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'Flagship' South Asian Young Adult Novel 'Born Confused' Still Resonates After 15 Years

by Lakshmi Gandhi /
Scholastic /

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A decade and a half after it was first released, “Born Confused” continues to leave a lasting impression on its readers.

The 2002 young adult novel by Tanuja Desai Hidier centers on Dimple Lala, a teen from suburban New Jersey who is figuring out adolescence while navigating dating, body image struggles, and the traditions of her Indian immigrant parents.

  Scholastic

The story put an Indian-American girl in the fictional spotlight at a time when few books in the genre featured Asian-American teens. Several of the novel's readers have now published their own novels featuring diverse characters and have said the book greatly impacted the way they write.

Young adult novelist Sandhya Menon said she first read the book relatively recently but was struck by its timeliness. “I thought, ‘Why didn’t I know about this book?’ But back then, they relegated diverse books to a ‘multicultural’ corner,” said Menon, who released her novel “When Dimple Met Rishi” in May. “I think that ‘Born Confused’ is like the flagship for other South Asian young adult novels.”

“Ultimately, 'Born Confused' is a coming of age story,” Desai Hidier, the author of "Born Confused," told NBC News. “Of a person, a family, a culture, a city, a world. It’s a story for anyone. And perhaps that’s why it’s one that — thankfully, wonderfully — seems to resonate still. Because no matter our age, background, sexuality, gender, we never stop coming of age.”

Desai Hidier said that the title is a play on the sometimes-not-flattering term "American Born Confused Desi," which is often used to refer to the children of South Asian-American immigrants.

“I felt very at home at home. Outside our home, however, I sometimes felt not fully Indian, nor fully American."

“I felt very at home at home. Outside our home, however, I sometimes felt not fully Indian, nor fully American."

“I felt very at home at home,” Desai Hidier said. “Outside our home, however, I sometimes felt not fully Indian, nor fully American. It wasn't until I got to university that I heard the term ABCD, and directed at me, by university friends from Pakistan and India.”

The author said that she instantly had mixed feelings about the term. “I wanted to rewrite that alphabet,” Desai Hidier said. “Redefine the C for Confused into one for ‘creative,’ through Dimple’s journey.” Stressing creativity, Desai Hidier added, “seemed to me to be a more accurate version to describe the second generation South Asians who peopled my world."

As she was writing, “a lot of memories began to rise to the surface,” Desai Hidier said, referring to her childhood in suburban Massachusetts. Those included ones of watching her mother make her father stop eating with his hands and instead use cutlery when friends or neighbors would ring the doorbell.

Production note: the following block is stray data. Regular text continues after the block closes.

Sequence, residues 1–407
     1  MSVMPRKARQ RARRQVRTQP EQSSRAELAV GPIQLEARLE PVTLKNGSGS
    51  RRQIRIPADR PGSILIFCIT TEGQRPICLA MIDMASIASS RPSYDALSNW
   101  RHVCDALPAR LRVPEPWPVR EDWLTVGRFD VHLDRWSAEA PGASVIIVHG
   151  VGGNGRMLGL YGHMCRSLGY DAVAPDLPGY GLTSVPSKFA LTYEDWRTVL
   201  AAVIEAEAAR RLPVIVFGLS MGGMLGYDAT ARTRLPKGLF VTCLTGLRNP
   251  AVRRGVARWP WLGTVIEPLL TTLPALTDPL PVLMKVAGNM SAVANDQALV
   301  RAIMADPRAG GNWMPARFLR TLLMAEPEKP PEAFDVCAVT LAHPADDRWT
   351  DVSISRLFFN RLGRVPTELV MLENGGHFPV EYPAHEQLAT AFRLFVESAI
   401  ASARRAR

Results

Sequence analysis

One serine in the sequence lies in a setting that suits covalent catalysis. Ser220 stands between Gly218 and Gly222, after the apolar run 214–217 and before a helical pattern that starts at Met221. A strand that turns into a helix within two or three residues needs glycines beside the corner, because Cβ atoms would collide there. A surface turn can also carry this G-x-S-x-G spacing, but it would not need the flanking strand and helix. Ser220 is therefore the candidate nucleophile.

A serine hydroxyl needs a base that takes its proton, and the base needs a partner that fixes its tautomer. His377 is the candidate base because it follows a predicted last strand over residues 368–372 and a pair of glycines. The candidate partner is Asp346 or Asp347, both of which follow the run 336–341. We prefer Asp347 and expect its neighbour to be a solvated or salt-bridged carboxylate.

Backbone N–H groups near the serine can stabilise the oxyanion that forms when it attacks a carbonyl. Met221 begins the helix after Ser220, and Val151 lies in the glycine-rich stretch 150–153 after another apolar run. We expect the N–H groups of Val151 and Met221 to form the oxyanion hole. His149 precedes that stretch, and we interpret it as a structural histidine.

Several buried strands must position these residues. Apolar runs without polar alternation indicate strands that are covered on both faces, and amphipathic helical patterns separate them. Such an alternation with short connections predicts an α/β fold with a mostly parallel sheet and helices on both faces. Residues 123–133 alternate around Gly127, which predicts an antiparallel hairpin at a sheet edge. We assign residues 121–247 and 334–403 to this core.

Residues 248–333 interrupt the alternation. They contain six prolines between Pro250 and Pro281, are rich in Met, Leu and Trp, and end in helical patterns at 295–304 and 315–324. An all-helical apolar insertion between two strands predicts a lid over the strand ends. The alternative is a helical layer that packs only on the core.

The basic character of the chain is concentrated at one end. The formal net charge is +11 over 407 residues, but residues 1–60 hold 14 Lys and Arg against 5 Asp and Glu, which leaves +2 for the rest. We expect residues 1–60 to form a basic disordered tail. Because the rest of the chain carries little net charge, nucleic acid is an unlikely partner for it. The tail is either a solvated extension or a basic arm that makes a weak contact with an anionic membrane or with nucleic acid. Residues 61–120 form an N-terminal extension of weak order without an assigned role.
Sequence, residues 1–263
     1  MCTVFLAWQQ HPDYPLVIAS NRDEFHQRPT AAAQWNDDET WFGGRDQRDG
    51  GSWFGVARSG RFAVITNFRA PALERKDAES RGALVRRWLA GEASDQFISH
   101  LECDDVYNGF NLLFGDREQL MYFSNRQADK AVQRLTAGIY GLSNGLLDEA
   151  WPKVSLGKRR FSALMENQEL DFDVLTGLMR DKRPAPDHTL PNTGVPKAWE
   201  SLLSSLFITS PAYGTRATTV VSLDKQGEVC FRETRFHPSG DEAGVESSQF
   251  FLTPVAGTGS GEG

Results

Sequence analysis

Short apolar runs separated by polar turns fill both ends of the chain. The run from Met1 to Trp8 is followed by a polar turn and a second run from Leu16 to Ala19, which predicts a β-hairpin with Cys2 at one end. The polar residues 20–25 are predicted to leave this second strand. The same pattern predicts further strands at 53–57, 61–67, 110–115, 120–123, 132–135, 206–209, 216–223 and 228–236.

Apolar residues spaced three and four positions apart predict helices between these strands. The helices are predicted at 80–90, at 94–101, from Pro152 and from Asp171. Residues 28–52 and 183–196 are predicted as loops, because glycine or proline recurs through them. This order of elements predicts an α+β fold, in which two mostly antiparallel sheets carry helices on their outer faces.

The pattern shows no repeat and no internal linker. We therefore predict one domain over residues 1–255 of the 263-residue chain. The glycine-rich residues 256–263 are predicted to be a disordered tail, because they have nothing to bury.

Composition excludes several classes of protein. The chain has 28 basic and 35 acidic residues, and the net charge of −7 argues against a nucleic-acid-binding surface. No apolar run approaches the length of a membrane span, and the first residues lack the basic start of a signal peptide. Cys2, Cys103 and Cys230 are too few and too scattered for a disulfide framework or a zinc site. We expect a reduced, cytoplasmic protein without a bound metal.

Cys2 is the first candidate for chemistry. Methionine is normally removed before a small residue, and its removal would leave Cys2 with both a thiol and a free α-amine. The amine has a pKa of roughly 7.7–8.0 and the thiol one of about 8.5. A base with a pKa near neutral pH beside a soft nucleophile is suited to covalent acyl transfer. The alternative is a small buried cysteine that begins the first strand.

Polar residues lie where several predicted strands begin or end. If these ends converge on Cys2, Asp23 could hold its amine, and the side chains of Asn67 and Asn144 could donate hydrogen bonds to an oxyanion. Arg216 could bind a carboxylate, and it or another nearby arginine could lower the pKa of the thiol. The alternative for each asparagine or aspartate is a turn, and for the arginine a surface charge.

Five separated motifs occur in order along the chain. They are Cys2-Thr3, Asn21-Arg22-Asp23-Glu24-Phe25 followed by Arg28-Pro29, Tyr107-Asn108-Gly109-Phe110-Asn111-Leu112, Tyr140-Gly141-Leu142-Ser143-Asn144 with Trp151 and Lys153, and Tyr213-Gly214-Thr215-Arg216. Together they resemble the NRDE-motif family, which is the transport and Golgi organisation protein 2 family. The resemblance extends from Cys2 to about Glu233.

There were also recollections of “all those Halloweens I dressed up like an Indian girl,” Desai Hidier recalled. “Or what I thought an Indian girl would dress like. In a way, this sums up Dimple’s dilemma [of] feeling not quite Indian, not quite American.”

 Novelist Tanuja Desai Hidier AliCaliPhoto

Desai Hidier’s fictional Dimple also loves photography and fully embraces her creative nature, even when the South Asian immigrant community does not fully understand it. Desai Hidier said she relied heavily on both her own experiences and those of her fellow artists in New York City’s emerging South Asian creative scene of the 1990s. It “was an incredible moment in terms of the subculture’s gaining of critical mass and momentum,” Desai Hidier said.

Having a character that represented the LGBT community was particularly important to Desai Hidier, she said. That’s what led her to write Kavita, an ambitious and bright aspiring med student who was also a lesbian. “Kavita also provided a great opportunity to discuss notions of ‘Indianness’ [and] of ‘femininity,’” she said. “She provided an opportunity to dismantle stereotypes. To show that this sense of tradition does not have to be at odds with her same-sex relationship, her other life choices.”

For “Born Confused” fans who came of age in the early 2000s, Kavita was also a revelation. "I wasn't even aware of my own identity yet," novelist SJ Sindu, whose book “Marriage of a Thousand Lies” was released earlier this year, told NBC News. "But for some reason my high school in South Dakota had it in the library. I read it and it was mind shattering to see a young South Asian woman's life reflected like that."

Desai Hidier said now that she has heard similar sentiments from readers in the years since the book’s original release, particularly about the characters’ search for identity.

“‘Born Confused’ is a story not so much about fitting in—but about loving the parts that don't fit,” she said. “Or more so, seeing that this ‘container’ we are supposedly meant to squeeze ourselves into doesn't exist. We are bigger than boxable, abundant beyond labels.”

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